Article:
Even the process alone is really exciting. Building this kind of bass guitar tone is like cooking a multi-layered cake with all the tasty ingredients. Every layer brings something special to the whole thing. Every layer is complementing each other, working as a team. And you can choose if you want to get more of the strawberry layer or more of the chocolate layer.
5. Route all the tracks into the bass bus
Once you have balanced the individual re-amped bass guitar tracks to your taste, then send all the tracks into one bass guitar bus and here you will continue in crafting your monstrous angry bass guitar tone.
6. Bass bus processing - TDR Nova
When it comes to bass guitar bus processing, I usually use 2 multi-band processors in a row. The first one is Tokyo Dawn Records Nova. It’s a great multi-band dynamic Equalizer that can be used in several ways. Very useful tool.
In this case I am using the TDR Nova as the first normalizing tool. I usually setup High-Pass and Low-Pass filters to get rid of the unwanted super-low frequencies as well as useless super-high frequencies.
Nothing special, right?
But it’s not all!
To really get that angry bass guitar tone under control, I set up the threshold of every band to negative 20 dB. This means that if there are any exceptional peaks in the overall bass guitar tone in any of the bands, the TDR Nova will slightly reduce it.
This makes the bass guitar tone way more controlled.
It reduces some unwanted peaks in the signal, but only if it’s needed.
Quite smart isn’t it?
In the most of the times, TDR Nova is acting only on the Low and High shelves.
Acting in the mid-range is quite unique in my mixes.
7. Bass bus processing - Audified ToneSpot Bass Pro
Another permanent tool in my bass guitar mixing approach is my own bass mixing plug-in.
I have designed ToneSpot plug-ins back in 2018, but I am still using them on daily basis, even I can see some things I would do differently after years.
But it's normal.
It's my workhorse plug-in that sits on my bass guitar bus on every mix I do.
Since I have designed it to fit my approach...
What are the main benefits of using ToneSpot Bass Pro plugin?
I am using ToneSpot Bass Pro mainly as my main bass bus Equalizer.
Since I have designed the Shaping module to perfectly fit the important frequencies of bass guitar, I can shape the overall tone of the bass really fast.
No searching for the right frequencies, just grab the knob and twist it.
If I feel that the bass is not cutting through the mix, I simply boost the Cut Through knob.
If there are some fret-noise sounds too prominent in the mix, I just attenuate the Fret Noise knob.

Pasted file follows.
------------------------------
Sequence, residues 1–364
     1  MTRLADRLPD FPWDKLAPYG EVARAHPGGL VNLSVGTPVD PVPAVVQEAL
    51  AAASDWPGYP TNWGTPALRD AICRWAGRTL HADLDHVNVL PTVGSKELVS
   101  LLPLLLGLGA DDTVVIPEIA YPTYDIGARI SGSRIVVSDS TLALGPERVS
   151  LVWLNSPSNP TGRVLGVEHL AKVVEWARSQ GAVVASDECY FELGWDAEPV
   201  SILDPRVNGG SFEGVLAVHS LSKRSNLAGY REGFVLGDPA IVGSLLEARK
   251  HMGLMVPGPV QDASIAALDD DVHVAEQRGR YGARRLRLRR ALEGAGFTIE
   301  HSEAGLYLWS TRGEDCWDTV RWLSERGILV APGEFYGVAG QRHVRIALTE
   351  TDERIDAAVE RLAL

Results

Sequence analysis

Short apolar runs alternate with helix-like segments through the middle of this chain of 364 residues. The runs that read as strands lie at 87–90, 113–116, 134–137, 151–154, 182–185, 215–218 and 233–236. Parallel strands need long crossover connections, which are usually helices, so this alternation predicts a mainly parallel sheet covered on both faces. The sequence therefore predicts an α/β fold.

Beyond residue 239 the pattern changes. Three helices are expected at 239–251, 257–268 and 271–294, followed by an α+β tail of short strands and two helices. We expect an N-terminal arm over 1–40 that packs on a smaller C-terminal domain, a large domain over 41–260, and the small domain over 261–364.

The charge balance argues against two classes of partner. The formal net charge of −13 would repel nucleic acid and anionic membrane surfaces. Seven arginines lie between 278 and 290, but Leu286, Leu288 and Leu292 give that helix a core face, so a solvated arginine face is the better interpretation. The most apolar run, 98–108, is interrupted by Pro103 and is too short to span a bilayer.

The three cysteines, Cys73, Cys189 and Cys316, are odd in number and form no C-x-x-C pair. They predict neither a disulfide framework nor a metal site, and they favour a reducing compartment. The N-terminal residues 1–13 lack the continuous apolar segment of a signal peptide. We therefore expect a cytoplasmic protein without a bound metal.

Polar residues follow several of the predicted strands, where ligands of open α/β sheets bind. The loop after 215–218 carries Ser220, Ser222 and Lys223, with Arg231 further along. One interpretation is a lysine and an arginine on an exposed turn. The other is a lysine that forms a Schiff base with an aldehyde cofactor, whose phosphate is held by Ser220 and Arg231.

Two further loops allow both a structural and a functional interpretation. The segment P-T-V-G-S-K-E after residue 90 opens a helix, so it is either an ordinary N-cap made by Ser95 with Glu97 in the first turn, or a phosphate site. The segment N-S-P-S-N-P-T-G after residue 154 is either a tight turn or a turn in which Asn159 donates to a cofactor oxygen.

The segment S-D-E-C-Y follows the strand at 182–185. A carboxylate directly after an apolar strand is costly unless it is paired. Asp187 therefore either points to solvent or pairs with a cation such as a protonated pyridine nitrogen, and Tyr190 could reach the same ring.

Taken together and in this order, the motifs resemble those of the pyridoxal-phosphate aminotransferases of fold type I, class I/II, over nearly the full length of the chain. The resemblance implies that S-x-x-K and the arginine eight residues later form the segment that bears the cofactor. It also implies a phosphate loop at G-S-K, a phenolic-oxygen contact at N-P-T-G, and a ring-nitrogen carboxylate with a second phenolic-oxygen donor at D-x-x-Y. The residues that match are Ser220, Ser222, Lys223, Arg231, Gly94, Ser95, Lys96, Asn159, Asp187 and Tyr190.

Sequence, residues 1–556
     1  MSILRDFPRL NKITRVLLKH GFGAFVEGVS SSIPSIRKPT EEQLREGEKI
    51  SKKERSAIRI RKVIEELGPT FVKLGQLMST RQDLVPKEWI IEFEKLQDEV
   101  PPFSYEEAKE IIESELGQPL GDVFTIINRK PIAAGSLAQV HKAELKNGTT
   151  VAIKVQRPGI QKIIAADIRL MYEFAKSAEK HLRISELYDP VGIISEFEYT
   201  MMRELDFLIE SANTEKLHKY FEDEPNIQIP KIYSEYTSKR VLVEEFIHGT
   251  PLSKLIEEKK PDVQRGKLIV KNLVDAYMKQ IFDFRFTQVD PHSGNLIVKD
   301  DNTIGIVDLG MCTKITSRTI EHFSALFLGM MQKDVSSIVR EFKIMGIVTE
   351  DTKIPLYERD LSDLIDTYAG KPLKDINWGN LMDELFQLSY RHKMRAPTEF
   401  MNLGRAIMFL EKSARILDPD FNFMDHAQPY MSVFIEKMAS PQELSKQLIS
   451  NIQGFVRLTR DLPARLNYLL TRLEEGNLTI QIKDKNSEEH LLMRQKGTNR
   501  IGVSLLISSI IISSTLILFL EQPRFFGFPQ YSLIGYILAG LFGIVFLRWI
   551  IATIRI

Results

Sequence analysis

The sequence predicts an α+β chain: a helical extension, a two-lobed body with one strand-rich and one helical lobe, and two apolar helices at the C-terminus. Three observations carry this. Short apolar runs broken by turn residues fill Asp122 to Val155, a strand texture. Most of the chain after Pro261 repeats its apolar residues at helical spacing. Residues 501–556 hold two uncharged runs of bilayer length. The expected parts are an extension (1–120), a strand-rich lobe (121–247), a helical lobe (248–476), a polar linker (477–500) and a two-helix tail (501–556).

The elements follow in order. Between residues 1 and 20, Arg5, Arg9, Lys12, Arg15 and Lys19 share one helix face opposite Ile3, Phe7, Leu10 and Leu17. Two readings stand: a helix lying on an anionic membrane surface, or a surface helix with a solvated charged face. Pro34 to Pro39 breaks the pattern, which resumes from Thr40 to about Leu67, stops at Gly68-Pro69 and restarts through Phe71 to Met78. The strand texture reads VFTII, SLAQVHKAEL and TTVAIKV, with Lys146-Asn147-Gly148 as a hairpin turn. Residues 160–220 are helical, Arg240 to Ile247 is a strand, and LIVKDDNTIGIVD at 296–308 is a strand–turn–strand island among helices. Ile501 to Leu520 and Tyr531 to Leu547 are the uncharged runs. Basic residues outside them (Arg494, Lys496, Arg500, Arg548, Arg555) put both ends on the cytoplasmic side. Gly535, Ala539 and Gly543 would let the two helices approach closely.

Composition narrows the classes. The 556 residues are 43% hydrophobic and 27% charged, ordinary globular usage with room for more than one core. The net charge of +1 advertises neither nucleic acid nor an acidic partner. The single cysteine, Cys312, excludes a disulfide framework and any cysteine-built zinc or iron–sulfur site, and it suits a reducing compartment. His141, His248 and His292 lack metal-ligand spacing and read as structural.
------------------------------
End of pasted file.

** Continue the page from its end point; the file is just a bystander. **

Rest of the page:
If the bass is too thin, I just boost the Body or Thump knobs.
And there are some additional little buttons and switches such like "Growl", "Scoop", "Vintage" or "Tight" that shape the tone really nicely in one click.
There are some pretty complex equalization shapes hided behind the hood of those buttons.
"Tight" button really is very powerful button. It is a multi-band processor in combination with 3 equalizing filters hided under a single switch.
In my mixes I am mostly using the ToneSpot Bass Pro to make the bass guitar tone more fat and cutting-through the wall of electric guitars or synths.
8. Bass bus processing - Steinberg Multi-Band Compressor
The last plug-in on my bass guitar bus is the stock Steinberg Multi-Band Compressor.
The final normalizing tool.
This Multi-Band Compressor acts similarly like the TDR Nova.
Some engineers hate this Multi-Band Compressor because it seems like it's doing nothing.
It can feel like an "invisible" compressor.
And that's the beauty.
Normalizing the sound while being almost "invisible".
But believe me, it definitely does something!
And I love it.
I usually set up the thresholds of all bands all the same to really normalize the overall tone of the bass guitar.
9. Bass bus processing - Limiter?
I know that there are engineers who are also using a limiter on the bass guitar bus.
But for me, it haven't worked yet.
Who knows, maybe in the next mix I will need to use the limiter on the bass guitar bus too!
There are no rules when it comes to mixing and mastering.
If it sound good, it is good.
No matter how you have achieved the result.
Only result counts.
So take this little guide as an inspiration, not as the rules.
If you would ask another mixing engineer on how does his bass guitar mixing approach looks like, chances are that some of his tips will be the exact opposite to mine.
And it's a good thing.
Personality is healthy.
Music is adventure.
Now, go and make your mix the best sounding mix you have ever done!
Are you struggling with your mix?
Do you need a fresh perspective on your mix?
Do you want to get a constructive feedback on your mix from another engineer?
Do you need an advice?